If this keyword is set, then any JSON objects within the result (including the result itself) will be returned as DICTIONARY variables, instead of ORDEREDHASH variables. For IDL dictionaries, the keys are case insensitive and can be accessed using IDL's "dot" notation, similar to IDL structures. For example:

json = '{"Jupiter":{"Europa":4.8e22, "Ganymede":1.48e23}}'
result = JSON_PARSE(json, /DICTIONARY)
HELP, result
HELP, result.jupiter ; case insensitive
PRINT, result.jupiter.Keys()
PRINT, result.jupiter.europa

IDL prints:

<Expression>    DICTIONARY  <ID=10  NELEMENTS=2>
Ganymede Europa

Note: The JSON format specifies that key names are case sensitive. If you have a JSON object with two keys that are identical except for their case, then using the DICTIONARY keyword will only return the second key/value pair.

Note: To use the DICTIONARY keyword successfully, all of the JSON keys must be valid IDL variable names (no special characters or spaces). If any keys are not valid then an error is thrown.


By default, the keys returned in the ORDEREDHASH are case sensitive. If the FOLD_CASE keyword is set, then the ORDEREDHASH variable will be case insensitive. For example:

json = '{"My Key":1.23}'
result = JSON_PARSE(json, /FOLD_CASE)
PRINT, result.Keys()
PRINT, result['MY KEY'] ; ignore case

IDL prints:

My Key

This keyword is ignored when either the DICTIONARY or TOSTRUCT keyword is set.

Note: When using FOLD_CASE, the original case is preserved within the OrderedHash key list. You could therefore pass this OrderedHash back into JSON_SERIALIZE to reproduce the original JSON.


If this keyword is set, then any JSON arrays within the result (including the result itself) will be returned as IDL arrays, instead of LIST variables.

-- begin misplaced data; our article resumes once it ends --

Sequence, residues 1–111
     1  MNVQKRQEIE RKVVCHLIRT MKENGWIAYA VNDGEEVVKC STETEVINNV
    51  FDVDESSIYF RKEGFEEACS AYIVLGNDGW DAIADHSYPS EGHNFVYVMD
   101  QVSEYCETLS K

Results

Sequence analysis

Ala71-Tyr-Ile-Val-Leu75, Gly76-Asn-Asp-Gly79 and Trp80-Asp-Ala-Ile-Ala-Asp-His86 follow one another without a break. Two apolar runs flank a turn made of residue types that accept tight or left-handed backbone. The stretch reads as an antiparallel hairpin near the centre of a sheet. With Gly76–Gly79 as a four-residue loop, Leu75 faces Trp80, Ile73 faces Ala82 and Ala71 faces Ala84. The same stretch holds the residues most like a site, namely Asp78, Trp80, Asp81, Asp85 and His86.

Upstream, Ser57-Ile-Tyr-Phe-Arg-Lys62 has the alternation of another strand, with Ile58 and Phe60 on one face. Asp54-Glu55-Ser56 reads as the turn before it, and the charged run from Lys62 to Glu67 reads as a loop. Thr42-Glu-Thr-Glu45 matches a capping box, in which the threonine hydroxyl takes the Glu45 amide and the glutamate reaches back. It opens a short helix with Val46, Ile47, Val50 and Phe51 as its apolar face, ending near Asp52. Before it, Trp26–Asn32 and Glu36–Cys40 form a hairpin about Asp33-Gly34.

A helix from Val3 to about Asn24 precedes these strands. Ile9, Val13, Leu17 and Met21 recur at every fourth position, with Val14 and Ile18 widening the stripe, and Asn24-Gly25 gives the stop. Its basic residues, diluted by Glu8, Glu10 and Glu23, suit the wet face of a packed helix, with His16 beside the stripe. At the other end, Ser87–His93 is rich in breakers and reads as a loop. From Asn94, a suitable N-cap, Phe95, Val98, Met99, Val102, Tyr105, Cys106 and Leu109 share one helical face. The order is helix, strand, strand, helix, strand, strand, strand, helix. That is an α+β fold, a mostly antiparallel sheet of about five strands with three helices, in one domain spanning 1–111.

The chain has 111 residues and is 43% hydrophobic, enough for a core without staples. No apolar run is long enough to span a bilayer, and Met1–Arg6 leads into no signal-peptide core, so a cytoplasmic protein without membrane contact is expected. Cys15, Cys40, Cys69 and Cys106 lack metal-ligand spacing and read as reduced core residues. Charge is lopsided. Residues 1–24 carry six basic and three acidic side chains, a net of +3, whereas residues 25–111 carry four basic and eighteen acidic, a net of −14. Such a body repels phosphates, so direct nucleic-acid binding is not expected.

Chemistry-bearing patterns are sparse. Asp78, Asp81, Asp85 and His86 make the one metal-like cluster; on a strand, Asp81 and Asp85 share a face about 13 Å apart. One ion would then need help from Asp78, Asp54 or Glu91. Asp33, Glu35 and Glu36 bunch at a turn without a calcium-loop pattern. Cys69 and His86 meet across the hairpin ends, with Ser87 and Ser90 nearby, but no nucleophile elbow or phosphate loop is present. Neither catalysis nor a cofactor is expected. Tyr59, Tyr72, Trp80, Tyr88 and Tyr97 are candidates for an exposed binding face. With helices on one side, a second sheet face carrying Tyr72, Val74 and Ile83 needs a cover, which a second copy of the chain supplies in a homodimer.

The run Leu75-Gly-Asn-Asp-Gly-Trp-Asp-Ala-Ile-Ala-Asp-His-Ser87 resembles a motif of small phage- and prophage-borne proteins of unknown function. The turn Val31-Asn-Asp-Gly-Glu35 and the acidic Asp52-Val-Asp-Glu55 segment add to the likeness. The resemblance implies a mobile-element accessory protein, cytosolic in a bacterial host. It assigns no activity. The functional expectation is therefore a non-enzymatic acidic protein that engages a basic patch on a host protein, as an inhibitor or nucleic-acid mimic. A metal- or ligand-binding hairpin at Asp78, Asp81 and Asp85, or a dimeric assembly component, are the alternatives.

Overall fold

Note: For this keyword to work correctly, each JSON array within the result must contain values that can all be converted to the same data type. The data type of each array will be determined by using the "highest" type within that array. For example, if your JSON array has two integer values and one decimal value, the resulting array will have type DOUBLE. For details on the rules used for type promotion, see List::ToArray under the PROMOTE_TYPE keyword.


If this keyword is set, then any JSON objects within the result (including the result itself) will be returned as IDL structures, instead of ORDEREDHASH variables.

Note: Since IDL structure tags must be valid IDL identifiers, any spaces or special characters within the JSON keys will be converted to underscore characters. In addition, all keys will be converted to uppercase. Finally, any "null" values will be converted to the string "!NULL" since you cannot have a null field in a structure. If you need to convert the result back into an equivalent JSON string, do not use this keyword and return the result as an ORDEREDHASH instead.

Version History




Added DICTIONARY keyword

Updated references from HASH to ORDEREDHASH


The TOARRAY keyword now uses all of the array elements to determine the type, not just the first element. Values for "false" and "true" now use BOOLEAN variables.

Added FOLD_CASE keyword.

Resources and References

JSON (JavaScript Object Notation) is a lightweight data-interchange format that is easy for humans to read and write, and for machines to parse and generate. JSON was designed as an alternative to XML, and is based on a subset of the JavaScript Programming Language, Standard ECMA-262 3rd Edition - December 1999. Further details can be found at

See Also